Earl Cunningham (1893 – 1977), a prolific landscape artist who worked from memory, is considered a “folk modernist” whose work conveys some of the complex meanings about the nature of American life. In the NYTimes, Karen Rosenberg writes that Cunningham’s style may have been childlike, but he was hardly naïve. “He was well aware of the ‘discovery’ of folk art during the Depression (he is known to have clipped news articles about Grandma Moses) and marketed himself accordingly. He signed one of his paintings ‘Earl Cunningham, American Primitive’ and printed business cards with the label ‘primitive artist.’ Later he exhibited his works in his St. Augustine curio shop but with a sign that read, ‘These paintings are not for sale.’ Marilyn Mennello, Cunningham’s most devoted collector, recalled that when she first tried to purchase a painting, his response was, ‘Someone is going to come ’round here and buy all my paintings at one time for $40,000.’ He seemed to be holding out for the big payday, although his lifestyle suggested that fame on the level of Grandma Moses was more of an incentive than money.” Read more.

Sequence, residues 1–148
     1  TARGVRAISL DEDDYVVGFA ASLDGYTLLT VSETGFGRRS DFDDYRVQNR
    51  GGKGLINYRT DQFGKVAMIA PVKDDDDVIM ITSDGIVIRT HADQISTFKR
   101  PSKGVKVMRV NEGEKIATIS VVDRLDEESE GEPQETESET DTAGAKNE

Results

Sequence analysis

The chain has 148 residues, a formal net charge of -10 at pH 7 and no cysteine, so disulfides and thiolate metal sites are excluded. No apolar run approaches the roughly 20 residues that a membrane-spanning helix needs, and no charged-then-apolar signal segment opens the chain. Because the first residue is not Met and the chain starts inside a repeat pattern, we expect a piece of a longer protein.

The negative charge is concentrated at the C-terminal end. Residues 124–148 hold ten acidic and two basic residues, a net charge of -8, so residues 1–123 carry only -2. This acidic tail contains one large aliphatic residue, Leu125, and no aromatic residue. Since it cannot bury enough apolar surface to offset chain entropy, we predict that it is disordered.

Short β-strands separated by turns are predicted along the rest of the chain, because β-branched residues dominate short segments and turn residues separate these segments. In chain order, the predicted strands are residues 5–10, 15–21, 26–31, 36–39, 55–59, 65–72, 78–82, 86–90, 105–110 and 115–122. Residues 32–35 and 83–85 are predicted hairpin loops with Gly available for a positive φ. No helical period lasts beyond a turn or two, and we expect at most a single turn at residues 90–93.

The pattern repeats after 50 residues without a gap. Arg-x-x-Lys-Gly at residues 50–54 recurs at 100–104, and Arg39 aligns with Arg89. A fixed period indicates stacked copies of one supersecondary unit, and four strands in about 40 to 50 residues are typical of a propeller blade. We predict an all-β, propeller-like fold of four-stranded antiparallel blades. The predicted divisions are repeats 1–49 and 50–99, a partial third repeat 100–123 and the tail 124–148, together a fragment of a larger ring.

“Earl Cunningham’s America,” curated by Virginia Mecklenburg. American Folk Art Museum, New York, NY. Through August 31.
Earl Cunningham’s imaginary landscapes
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